British Champions crowned and world records fall as Hannah Irwin brings you the SOAR weekend roundup

Mo Farah breaks world hour record

Mo Farah was in Brussels in attempt to break the one-hour world record held by Haile Gebrselassie. The record had stood since 2007 at 21.285km (13.255 miles). Going into the event, 37-year old Farah believed he was in a good place to be able to break the previous record and he was right. Sir Mo covered 21.330km, which is just under 54 laps of the track! An impressive achievement and the first world record for the four-time Olympic champion.

Sifan Hassan also broke the women’s record, covering 18.930km! This is the equivalent to just over 47 laps of the track! Hassan won world titles over both 1500m and 10,000 and set world record marks for the mile (4:12.33) and 5km on the road (14:44) in 2019. The Dutch athlete said;

“An hour is long; it takes a lot of concentration and focus. After the first half I found my rythm. I’m really happy with this record!”

In Prague the women’s only half marathon word record was broken by Peres Jepchirchir – you can catch a full replay here. Running over a 1.3km loop in perfect conditions Jepchirchir clocked a stunning 65:34. The 2016 World Half Marathon Champion said;

“I am just happy and proud. Although I thought for a while that I could run at the limit of 65 minutes, I am also really happy with the time and especially the new record,”

British Champions crowned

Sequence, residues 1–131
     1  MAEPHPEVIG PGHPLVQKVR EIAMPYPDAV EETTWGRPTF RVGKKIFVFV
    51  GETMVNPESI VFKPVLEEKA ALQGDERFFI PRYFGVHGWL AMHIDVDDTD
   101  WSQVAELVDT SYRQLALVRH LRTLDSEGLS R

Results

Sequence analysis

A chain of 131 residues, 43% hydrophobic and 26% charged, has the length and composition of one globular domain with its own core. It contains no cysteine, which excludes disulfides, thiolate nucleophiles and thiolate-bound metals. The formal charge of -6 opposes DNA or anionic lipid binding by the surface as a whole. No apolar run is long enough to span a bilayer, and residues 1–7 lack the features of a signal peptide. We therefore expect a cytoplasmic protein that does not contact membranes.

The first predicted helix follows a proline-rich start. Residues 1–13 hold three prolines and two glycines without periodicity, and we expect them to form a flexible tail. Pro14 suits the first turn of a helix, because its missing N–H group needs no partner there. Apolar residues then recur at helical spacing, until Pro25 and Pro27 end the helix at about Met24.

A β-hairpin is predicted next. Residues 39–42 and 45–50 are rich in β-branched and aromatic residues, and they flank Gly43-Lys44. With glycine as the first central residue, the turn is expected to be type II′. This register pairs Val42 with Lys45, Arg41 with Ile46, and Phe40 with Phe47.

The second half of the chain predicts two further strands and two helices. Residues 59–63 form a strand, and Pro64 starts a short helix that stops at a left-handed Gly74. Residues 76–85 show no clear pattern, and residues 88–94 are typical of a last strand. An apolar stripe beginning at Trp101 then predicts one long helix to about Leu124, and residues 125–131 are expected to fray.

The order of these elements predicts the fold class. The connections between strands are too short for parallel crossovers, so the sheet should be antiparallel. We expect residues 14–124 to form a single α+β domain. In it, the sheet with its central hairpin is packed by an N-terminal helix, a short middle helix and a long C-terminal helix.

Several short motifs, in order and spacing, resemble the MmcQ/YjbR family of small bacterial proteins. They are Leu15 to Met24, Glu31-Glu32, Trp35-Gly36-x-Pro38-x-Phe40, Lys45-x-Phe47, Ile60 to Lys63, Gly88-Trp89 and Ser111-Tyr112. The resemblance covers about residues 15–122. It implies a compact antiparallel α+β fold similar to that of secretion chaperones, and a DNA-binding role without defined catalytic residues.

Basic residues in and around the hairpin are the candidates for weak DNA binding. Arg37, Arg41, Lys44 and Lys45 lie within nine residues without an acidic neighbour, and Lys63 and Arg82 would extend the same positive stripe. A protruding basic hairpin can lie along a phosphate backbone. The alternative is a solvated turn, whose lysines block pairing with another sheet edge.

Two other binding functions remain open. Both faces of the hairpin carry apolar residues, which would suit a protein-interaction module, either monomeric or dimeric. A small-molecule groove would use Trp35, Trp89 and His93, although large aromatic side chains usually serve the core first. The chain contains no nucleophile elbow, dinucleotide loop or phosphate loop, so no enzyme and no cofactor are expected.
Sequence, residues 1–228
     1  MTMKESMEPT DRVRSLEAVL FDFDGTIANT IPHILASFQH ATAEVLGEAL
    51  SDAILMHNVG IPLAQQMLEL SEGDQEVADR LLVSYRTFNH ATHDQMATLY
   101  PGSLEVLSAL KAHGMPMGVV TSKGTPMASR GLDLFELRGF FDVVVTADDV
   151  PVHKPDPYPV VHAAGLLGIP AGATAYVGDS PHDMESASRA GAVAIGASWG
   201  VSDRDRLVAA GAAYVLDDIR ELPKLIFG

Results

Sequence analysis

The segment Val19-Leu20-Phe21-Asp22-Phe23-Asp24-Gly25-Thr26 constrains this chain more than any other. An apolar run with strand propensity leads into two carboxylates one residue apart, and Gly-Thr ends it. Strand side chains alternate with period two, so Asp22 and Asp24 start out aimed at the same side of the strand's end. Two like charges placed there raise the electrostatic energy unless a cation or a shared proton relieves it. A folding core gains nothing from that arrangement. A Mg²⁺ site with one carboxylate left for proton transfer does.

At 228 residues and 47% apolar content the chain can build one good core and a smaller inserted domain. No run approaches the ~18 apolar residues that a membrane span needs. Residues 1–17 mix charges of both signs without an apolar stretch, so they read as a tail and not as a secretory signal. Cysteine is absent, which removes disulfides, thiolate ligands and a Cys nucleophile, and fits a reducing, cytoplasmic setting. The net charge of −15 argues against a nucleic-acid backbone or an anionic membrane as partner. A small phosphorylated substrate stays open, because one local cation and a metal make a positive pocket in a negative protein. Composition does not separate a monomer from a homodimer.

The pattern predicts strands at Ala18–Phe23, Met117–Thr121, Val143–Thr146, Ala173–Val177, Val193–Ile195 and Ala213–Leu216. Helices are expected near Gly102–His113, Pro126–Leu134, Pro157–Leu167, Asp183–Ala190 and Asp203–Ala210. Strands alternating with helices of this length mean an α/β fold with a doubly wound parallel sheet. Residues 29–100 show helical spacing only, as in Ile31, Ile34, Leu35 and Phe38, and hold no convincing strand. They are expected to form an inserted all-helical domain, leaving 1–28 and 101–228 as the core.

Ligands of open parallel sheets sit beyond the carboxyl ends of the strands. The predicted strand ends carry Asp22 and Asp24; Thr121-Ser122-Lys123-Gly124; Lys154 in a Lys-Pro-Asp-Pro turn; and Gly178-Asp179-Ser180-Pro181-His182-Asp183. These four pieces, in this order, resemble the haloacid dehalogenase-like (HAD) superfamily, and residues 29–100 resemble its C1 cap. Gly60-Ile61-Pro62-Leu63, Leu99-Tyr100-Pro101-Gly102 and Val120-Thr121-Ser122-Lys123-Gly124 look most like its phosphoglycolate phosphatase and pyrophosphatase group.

This weekend saw British Athletics Outdoor Championships taking place. Having been postponed twice due to COVID-19, the event was finally able to take place through the enforcement of strict social distancing guidelines.

Despite the surreal environment, the event allowed athletes to get back on the track, some who hadn’t raced on the track for over a year, and put their training to the test in a championship environment.

Rowden & Hodgkinson claim 800m titles

A thrilling 800m race saw a battle right to the line. The first lap played to the advantage of favourite, Jake Wightman, as they went through the halfway point in 51 seconds. From then on Wightman led the pack. Coming around the final bend and into the home straight Daniel Rowden had put himself in a strong position to be able to execute his strong finishing kick.

In the final 50m of the race, Rowden pushed ahead of Wightman, taking the national title in an impressive 1:45.94. Wightman came in a close second with a time of 1:46.26 ahead of Yusuf Bizimana in 1:47.94.

The women’s 800m final demonstrated the current depth of British middle distance running. With some of the UKs leading athletes not racing it was a chance for young talent to step forwards. With 200m to go it became a battle between Ellie Baker and youngster Keely Hodgkinson.

Down the home straight Baker put in a strong surge, but it was Hodgkinson’s immense speed that allowed her to push on ahead, increasing the distance between her and the rest of the field to take the win in 2:03.24. Isabelle Boffey (Enfield) then dug deep and came across the line in second place with a time of 2:04.73 ahead of Ellie Baker (Shaftesbury).